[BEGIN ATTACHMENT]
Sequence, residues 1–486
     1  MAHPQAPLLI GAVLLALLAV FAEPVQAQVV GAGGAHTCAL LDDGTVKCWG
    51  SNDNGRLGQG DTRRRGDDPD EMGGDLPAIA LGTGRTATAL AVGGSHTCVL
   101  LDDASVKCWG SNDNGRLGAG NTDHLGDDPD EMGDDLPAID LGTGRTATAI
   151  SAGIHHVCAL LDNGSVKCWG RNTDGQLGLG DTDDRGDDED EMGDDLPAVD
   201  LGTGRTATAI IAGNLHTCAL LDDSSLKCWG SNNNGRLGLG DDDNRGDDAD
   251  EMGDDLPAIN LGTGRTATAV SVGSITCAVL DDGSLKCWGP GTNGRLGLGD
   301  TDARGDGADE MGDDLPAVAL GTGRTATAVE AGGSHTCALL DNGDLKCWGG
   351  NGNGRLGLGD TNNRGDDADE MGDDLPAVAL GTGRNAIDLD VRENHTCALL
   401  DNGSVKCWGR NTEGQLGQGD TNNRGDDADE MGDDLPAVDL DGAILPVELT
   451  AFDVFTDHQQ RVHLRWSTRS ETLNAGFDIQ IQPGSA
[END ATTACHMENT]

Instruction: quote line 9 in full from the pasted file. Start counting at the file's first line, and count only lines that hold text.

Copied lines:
   351  NGNGRLGLGD TNNRGDDADE MGDDLPAVAL GTGRNAIDLD VRENHTCALL